The big news in town today is that Christopher Nolan’s Interstellar, a film that sat on Steven Spielberg’s plate for years before he finally passed it off, will be released on November 7th, 2014, meaning that the film is already well into production. A science-fiction movie that appears to be taking its science very seriously, Interstellar will purportedly explore wormholes, black holes and, well, interstellar travel. This seems pretty incredible considering the genre has been buried in the post/apocalypse for years, so it’s nice to see a new spin. Who best to do it than Christopher “Batman” Nolan, but there are key notes in the construction of his films that make Interstellar out as a puzzle already solved.
Interstellar won’t be weird. Those expecting some kind of thorough study about man’s relationship with the unknown like Moon or 2001: A Space Odyssey should stay at home. Nolan has an eye for the zeitgeist and doesn’t seem interested in overwhelming the audience with complex themes – in this case: discovery. Will we see trippy visuals? Oh yes, but will we get that same weird feeling in our gut like in The Black Hole when the station collapsed into the event horizon and brought everyone through some psychedelic vision of hell? No, I don’t think so.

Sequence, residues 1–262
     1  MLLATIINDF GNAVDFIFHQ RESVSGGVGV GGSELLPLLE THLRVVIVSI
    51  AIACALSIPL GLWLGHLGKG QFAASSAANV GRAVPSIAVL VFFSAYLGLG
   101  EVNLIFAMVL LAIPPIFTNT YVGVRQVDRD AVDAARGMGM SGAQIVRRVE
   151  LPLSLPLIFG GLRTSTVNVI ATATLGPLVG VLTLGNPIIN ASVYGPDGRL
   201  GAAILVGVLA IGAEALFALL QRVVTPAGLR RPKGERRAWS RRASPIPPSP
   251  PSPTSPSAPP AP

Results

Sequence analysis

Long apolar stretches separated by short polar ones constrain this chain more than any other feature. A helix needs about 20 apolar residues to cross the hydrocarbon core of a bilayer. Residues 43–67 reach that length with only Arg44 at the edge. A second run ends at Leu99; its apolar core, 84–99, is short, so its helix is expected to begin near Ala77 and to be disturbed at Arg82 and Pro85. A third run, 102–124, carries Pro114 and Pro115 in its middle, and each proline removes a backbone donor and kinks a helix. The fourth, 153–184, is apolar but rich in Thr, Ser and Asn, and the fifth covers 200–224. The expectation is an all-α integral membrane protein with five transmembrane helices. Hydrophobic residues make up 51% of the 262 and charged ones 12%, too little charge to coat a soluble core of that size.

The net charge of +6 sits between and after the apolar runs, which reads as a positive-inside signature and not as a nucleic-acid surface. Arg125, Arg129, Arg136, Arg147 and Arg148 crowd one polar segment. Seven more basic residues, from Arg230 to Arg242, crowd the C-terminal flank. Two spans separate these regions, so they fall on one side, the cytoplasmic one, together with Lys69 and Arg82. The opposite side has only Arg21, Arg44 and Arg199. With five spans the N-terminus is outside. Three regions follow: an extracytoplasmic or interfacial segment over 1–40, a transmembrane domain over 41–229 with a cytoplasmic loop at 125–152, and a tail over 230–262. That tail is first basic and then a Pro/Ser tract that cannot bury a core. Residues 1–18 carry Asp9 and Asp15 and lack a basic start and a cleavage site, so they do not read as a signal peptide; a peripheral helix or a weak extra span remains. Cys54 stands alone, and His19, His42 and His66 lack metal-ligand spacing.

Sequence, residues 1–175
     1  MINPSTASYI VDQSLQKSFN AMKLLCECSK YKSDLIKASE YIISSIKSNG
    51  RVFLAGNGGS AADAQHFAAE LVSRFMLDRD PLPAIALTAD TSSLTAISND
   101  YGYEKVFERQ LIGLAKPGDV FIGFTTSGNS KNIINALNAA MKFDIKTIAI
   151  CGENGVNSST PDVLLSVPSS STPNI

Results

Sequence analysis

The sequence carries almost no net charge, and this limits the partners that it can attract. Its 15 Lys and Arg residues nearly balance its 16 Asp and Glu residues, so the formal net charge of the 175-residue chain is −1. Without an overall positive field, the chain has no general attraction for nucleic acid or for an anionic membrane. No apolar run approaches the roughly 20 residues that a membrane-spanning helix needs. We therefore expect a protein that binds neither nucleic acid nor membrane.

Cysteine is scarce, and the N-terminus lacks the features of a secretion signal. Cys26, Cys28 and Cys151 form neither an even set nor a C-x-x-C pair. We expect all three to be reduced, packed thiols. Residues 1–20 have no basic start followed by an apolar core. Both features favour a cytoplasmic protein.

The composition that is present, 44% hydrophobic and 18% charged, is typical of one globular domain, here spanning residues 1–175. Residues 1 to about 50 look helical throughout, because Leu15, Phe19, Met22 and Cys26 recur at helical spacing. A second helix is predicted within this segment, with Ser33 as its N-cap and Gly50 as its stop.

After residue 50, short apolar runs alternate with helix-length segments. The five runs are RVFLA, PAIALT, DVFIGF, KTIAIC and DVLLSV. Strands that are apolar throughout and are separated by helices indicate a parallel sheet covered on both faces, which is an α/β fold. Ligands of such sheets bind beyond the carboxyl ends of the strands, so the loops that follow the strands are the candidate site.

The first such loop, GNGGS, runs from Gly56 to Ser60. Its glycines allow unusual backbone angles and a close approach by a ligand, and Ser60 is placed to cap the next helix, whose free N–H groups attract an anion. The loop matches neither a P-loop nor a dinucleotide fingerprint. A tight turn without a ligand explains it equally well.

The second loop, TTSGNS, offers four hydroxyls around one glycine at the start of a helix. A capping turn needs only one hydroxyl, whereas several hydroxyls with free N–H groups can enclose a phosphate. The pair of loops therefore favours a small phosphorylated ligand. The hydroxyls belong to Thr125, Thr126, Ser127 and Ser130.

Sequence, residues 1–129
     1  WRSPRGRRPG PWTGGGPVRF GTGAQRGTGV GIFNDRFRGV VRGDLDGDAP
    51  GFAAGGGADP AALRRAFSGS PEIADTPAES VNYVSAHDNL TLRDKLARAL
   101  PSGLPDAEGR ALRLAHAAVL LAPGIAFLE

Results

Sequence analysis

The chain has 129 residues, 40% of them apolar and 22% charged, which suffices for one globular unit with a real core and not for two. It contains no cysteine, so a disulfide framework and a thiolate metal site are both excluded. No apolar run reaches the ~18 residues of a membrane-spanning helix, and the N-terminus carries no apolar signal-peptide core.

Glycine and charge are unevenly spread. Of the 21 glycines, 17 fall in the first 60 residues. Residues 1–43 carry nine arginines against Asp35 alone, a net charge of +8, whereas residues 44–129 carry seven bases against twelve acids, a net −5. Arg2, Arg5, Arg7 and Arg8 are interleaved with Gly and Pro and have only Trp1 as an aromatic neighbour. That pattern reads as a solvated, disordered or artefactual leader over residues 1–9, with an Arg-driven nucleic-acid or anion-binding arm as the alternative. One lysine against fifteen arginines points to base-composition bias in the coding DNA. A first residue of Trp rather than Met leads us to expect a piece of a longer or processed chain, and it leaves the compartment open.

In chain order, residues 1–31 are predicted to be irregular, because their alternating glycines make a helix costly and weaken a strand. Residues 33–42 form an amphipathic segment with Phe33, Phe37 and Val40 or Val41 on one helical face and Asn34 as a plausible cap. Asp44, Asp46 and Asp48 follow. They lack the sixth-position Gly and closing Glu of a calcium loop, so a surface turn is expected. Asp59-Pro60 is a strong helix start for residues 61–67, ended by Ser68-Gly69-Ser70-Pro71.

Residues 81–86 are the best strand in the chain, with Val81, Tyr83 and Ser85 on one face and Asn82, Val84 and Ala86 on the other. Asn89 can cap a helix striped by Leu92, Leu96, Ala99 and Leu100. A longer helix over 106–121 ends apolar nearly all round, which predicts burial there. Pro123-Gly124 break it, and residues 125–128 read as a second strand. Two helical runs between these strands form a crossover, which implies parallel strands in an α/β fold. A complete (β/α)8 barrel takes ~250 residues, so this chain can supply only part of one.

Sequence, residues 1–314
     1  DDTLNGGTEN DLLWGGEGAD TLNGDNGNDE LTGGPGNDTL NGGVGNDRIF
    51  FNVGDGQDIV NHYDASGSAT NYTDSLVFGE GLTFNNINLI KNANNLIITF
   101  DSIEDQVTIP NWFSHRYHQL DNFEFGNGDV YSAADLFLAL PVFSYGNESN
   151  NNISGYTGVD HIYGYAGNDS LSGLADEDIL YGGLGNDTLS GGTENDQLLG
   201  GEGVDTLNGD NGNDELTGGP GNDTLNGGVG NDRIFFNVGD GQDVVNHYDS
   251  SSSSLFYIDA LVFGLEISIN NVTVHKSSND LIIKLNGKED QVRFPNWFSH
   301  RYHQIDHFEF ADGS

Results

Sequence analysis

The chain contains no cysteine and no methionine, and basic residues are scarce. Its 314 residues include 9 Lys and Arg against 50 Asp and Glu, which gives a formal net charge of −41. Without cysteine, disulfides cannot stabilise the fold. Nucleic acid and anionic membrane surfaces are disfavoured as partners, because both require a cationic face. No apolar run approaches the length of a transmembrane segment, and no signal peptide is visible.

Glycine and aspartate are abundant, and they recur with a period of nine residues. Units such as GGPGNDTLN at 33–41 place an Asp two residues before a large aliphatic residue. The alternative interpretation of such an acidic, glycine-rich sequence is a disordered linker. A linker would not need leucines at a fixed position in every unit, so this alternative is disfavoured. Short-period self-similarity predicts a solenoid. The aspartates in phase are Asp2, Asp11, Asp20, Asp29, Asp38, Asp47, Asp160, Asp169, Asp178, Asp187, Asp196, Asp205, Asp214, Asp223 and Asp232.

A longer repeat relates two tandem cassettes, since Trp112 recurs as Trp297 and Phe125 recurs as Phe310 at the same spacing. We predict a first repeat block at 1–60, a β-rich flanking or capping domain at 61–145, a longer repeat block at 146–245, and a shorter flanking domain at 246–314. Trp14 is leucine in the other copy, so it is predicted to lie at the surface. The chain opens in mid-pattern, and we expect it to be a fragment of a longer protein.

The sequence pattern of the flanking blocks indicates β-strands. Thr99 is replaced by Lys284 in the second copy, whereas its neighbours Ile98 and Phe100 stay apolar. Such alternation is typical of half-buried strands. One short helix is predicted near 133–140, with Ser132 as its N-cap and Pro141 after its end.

Interstellar will have an ensemble cast and a $100+ million budget. Neither confirmed, but virtually guaranteed at this point. Once you move into the big leagues with blockbuster budgets, especially since he’s earned it after out-of-left-field mind thriller Inception, you don’t go back. Similarly, expect a large cast with holdovers like Joseph Gordon-Levitt, Tom Hardy, or Christian Bale.
Interstellar will be complex and answer all of its own questions. To go along with the ensemble cast, the plot will no doubt involve a crew out in space and, perhaps like Soderbergh’s Solaris, a number of flashbacks on the formation of such a mission. Complex webs of relationships – not complex in and of themselves – will develop, ultimately leading to some tricky questions to answer during the climax, either brought on as a result of the craft of such an interstellar journey having an issue or encountering a strange force beyond comprehension. My money’s on the former. Ultimately, there won’t be any questions that the movie won’t be able to completely answer by its conclusion. Nolan wants finality in his pictures.
Interstellar will be very pretty. With the aforementioned big budget, Wally Pfister (no doubt) at the camera, and some precedent, Interstellar is going to be a looker. Whatever this journey is, we’ll be seeing it in a very produced light. Also, not in 3D.